Tuesday, October 16, 2018

What shall I do with my shiny, stress-free life?

Dear Diary,

This week marked the end of six years of tyrrany. 

A person in my life, who shall remain nameless, left town, never to return, and I now have what feels like a whole new job.  Instead of 100% case management, I'm now doing 50% case management and 50% group therapy.  And, I'm doing it without constant micromanaging and what I assume is the tacit understanding that with three master's degrees in my field, I might be a fucking professional.  I'm still working on the organizational aspect of it - until I've done a month's worth of groups I need to write a month's worth of groups for younger children AND for teens both, but luckily, they are short-term groups for the inpatient setting where I work.

And if you thought I was tough before: this week I did a mindfulness group with about eight children under the age of 13.  Some of them were still, and, well, mindful.  Many of them wiggled and a couple folded themselves up inside their yoga mats and looked like little wontons.  Then we colored.  It was great.

I just finished my 5th Barre class tonight and I am starting to feel the difference.  I have never cared much for "the burn" but I force myself to give it just five more seconds...before collapsing into a quivering heap.  I notice that I am holding poses a bit longer.  I feel a bit less hopeless.  I feel a bit more stronger.   I can turn my head and look over my left shoulder.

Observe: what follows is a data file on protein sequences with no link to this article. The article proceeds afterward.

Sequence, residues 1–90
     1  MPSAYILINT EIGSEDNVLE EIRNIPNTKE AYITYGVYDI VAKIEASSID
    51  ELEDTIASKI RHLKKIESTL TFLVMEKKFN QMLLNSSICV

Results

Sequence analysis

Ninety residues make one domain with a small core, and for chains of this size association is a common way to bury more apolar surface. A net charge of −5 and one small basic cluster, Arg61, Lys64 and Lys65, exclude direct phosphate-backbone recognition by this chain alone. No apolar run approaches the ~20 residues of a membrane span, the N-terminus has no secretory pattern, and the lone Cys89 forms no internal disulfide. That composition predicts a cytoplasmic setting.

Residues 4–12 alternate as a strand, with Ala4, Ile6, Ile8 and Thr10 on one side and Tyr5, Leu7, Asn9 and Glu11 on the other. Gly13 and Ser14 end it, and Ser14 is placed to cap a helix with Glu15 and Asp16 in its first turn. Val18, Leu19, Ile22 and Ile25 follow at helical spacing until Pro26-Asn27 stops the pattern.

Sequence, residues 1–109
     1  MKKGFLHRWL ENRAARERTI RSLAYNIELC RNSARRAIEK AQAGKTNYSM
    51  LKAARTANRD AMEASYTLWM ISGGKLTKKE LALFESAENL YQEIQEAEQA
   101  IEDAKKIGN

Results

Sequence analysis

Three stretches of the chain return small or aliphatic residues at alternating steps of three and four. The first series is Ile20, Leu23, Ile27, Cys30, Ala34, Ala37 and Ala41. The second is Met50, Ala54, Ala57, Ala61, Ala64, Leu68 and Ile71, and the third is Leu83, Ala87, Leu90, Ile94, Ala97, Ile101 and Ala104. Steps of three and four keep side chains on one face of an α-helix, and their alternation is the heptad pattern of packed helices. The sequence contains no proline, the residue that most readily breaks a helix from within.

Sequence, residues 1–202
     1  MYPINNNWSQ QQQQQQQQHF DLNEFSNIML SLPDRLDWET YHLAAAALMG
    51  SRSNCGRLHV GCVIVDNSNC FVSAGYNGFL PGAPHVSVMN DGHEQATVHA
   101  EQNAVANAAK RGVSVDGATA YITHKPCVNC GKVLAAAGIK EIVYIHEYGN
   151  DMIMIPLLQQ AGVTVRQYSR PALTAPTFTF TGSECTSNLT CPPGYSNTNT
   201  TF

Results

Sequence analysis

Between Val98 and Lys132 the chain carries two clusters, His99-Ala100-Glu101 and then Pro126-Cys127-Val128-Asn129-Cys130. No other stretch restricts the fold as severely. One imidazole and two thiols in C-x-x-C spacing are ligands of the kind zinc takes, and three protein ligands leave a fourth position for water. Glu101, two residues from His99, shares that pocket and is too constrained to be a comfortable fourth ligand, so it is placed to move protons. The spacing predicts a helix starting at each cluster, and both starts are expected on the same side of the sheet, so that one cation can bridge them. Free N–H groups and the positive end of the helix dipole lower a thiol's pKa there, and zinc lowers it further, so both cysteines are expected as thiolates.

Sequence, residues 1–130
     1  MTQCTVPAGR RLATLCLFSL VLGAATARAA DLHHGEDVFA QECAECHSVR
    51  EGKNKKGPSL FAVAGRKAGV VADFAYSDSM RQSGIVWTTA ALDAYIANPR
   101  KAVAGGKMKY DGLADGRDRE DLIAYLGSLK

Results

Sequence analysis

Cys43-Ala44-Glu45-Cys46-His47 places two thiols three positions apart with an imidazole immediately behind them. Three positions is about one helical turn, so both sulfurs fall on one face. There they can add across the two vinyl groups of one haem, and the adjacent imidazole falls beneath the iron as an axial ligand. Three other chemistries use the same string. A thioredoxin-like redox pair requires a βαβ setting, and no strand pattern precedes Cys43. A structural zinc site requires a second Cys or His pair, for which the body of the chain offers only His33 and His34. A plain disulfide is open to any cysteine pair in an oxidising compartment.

Thursday nights I'm taking a basic painting class.  I told the teacher I had painted before, and in fact I sold 3 paintings last year and 2 pen-and-ink drawings this year, but the truth is that 2 of the paintings and one of the pen drawings were done under supervision, and I really want to be able to learn from the very basics what to do.  So far we studied color theory.  I have really wanted to take a college-level painting class, but unless I can get every Friday off, that's not going to happen.

After a pretty warm fall the temperature suddenly plummeted and there were 20 mph winds.  Since I'm not acclimated I run on the treadmill in the garage, still working through the couch-to-5k program to get my out of walking/hiking mode and more into running mode.

That's it for this week so far.  Just checking in.

...

Sunday, October 14, 2018

Who turned off the heat?

Dear Diary,

Dedicated to my mom, who died way too young at 61 of heart
failure from idiopathic cardiomyopathy.  


It seems like just 2 weeks ago I was commiserating with Sweet Baboo of how this seemed like an unusually long summer and warm fall.  Then this week someone turned the heat off.  This is awesome, because I'm much more likely to get out of the house when it's cool out.

Last weekend I completed the 50k at Hennepin--Sweet Baboo ran the 100 miles in 22 hours and HEY, WE WERE TALKING ABOUT ME.  PAY ATTENTION TO ME.  (but seriously, he's like from Krypton and shit).  The Hennepin 50k started at 5 pm and the sun set 90 minutes later.  That left 7.5 hours for me to run through the dark and rain.

Of course, my Garmin does not last until I finish a 50k, so I have to switch to my Apple Watch after about 6 hours.  So this is the result: